Table of Contents
- What are Kaggle Competitions?
- Is Participating In Kaggle Competitions Worth It?
- When Should You Participate In A Data Science Competition?
- What Are Datacamp Competitions?
- How Do You Find The Right Kaggle Competition For Your Level? (From Beginners To Advanced Skills)
- Kaggle Competition Tips
- Choose a programming language
- Participate in Competitions tagged with "Getting Started"
- Do not use Kaggle exclusively
- Focus on learning
- Study other public notebooks
- Read the competition rules
- Share your solutions
- Take this course in DataCamp
- What Are Kaggle Rankings?
- Kaggle Medals
- Competition Medals
- Dataset Medals
- Notebook Medals
- Discussion Medals
- Performance Tiers
- How Long Does It Take To Move From Contributor To Expert?
- Kaggle Medals
- Kaggle Ranking Tips
What are Kaggle Competitions?
Now that we’ve covered Kaggle basics like notebooks and datasets, we can touch upon the most frequently asked questions about Kaggle competitions: Who is organizing them? Can I compete? Why should I compete?
That last question is the key. Kaggle competitions are based on challenging machine learning tasks organized by Kaggle itself or other large companies, organizations, and universities. In these competitions the users compete with other data scientists on the platform to submit more accurate predictions which are made by the machine learning models they build during the competition. After the submission, a score that reflects how well their model works is automatically calculated.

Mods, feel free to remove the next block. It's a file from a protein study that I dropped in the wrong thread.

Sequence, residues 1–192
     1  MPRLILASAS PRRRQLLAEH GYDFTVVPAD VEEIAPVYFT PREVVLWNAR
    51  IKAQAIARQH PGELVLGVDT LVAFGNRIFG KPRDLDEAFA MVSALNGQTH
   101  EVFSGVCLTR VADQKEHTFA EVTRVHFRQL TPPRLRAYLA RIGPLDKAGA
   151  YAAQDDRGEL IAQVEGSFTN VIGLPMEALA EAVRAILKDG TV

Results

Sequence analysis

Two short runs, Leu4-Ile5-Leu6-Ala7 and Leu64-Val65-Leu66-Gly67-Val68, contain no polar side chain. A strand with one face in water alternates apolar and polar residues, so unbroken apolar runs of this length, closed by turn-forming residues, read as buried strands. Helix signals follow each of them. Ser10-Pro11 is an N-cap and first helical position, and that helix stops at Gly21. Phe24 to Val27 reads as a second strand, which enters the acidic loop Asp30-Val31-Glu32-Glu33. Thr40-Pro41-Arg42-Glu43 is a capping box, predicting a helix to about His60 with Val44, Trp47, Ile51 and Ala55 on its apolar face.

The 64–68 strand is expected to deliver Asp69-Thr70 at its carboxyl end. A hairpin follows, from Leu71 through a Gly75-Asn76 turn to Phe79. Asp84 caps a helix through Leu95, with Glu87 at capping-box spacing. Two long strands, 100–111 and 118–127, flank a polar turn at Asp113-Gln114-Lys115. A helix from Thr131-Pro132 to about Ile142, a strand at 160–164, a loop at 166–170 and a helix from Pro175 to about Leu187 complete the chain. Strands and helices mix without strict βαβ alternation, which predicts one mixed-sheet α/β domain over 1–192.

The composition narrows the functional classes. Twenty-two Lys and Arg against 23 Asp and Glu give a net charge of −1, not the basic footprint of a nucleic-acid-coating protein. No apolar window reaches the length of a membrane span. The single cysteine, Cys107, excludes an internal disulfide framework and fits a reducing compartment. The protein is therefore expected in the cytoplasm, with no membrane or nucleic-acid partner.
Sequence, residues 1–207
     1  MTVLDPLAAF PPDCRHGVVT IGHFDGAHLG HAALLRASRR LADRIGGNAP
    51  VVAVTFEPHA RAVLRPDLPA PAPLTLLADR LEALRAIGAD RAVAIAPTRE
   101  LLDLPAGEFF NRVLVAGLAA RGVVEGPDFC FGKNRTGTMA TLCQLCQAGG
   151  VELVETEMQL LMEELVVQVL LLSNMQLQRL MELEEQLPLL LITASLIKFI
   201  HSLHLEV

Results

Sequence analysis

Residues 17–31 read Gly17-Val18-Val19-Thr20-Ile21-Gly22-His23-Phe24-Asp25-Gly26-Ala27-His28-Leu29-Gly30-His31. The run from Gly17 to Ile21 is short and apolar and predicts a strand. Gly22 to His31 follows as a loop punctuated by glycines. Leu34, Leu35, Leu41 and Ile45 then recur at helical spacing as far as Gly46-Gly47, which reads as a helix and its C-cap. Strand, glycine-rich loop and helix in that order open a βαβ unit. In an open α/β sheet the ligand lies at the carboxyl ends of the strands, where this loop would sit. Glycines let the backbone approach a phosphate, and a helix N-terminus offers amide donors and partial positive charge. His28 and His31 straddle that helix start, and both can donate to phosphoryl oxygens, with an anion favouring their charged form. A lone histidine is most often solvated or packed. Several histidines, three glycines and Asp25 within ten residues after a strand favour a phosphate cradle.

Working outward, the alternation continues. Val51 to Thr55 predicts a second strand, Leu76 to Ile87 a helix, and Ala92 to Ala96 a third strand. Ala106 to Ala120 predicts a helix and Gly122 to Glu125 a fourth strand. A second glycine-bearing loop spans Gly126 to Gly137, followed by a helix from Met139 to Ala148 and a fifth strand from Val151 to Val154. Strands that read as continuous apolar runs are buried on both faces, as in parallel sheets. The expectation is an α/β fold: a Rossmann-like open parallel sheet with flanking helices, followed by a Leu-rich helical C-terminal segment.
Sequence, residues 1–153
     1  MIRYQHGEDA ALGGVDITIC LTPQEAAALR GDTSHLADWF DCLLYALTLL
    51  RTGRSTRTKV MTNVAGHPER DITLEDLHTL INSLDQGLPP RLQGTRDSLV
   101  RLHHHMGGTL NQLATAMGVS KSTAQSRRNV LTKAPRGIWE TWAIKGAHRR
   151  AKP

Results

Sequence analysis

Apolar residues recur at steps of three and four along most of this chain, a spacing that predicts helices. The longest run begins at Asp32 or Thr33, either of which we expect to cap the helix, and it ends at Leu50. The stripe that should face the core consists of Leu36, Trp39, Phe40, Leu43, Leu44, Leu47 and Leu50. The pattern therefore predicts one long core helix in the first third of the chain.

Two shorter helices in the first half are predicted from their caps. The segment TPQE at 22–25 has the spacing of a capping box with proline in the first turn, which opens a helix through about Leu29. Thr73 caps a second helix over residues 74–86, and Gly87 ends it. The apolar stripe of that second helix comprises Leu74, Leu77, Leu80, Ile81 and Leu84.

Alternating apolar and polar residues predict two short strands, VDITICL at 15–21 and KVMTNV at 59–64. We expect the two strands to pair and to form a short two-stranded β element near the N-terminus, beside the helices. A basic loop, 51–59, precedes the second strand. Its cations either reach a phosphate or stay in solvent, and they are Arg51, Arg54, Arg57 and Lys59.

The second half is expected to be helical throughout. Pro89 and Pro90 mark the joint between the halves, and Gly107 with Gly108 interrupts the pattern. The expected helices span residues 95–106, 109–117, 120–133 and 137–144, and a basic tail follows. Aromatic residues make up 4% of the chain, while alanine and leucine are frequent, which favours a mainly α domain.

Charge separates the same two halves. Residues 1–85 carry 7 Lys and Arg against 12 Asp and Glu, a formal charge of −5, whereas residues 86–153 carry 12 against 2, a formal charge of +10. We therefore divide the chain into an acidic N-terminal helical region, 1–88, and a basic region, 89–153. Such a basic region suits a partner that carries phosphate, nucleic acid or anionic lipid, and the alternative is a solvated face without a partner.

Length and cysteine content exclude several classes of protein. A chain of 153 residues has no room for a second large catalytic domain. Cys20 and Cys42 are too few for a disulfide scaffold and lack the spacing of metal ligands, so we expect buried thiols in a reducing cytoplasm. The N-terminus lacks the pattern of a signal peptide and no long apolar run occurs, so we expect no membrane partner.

It is a common misconception that it is necessary to take probability and statistics courses or to have a deep understanding of certain machine learning libraries before taking part in these competitions. The truth is that you can, and should, participate in Kaggle Competitions regardless of your level. Competitions are not exclusive to experts, and everybody can gain valuable experience from them and even leverage these to build a data science portfolio.
Is Participating In Kaggle Competitions Worth It?
- No matter how experienced you are in data science, you can improve your skills by participating in competitions in this continuously growing and developing field. These data science competitions will challenge you within your own capabilities. The more time and effort you put into Kaggle or DataCamp data science competitions, the quicker you will get comfortable with the libraries and programming languages that you use.
- You will earn your ranking amongst data scientists of all levels worldwide.
- You will have the opportunity to review the winning solutions, and have access to different approaches to the same problem. This will make it easier for you to analyze the challenging tasks from different perspectives.
- You will be provided with top-quality datasets. This will help you to focus entirely on the solution because you will not need to be thinking about cleaning the data, gathering related data, or creating a consistent and well-tagged dataset yourself.
- You will have the chance to participate in a technical discussion with the winners of the competitions and other top-level data scientists. This will help expand your network.
- Working on real problems will motivate you and give you insight on the day-to-day work and responsibilities of a data scientist.
- There is a clear financial incentive.
Participating in Kaggle or DataCamp competitions is definitely worth it. Regardless of your level of expertise, you will surely find at least one of the listed benefits relevant for you. There is a broad variety of data science competitions, and new competitions are published regularly. Even if you are not interested in them right now, it is recommended to follow the competitions that are published as at least one will likely become relevant to you at some point in the future.
When Should You Participate In A Data Science Competition?
Before entering a competition, take the following three criteria into account:
- Will the amount of time and work spent on this competition be balanced with the improvement that you can gain from it?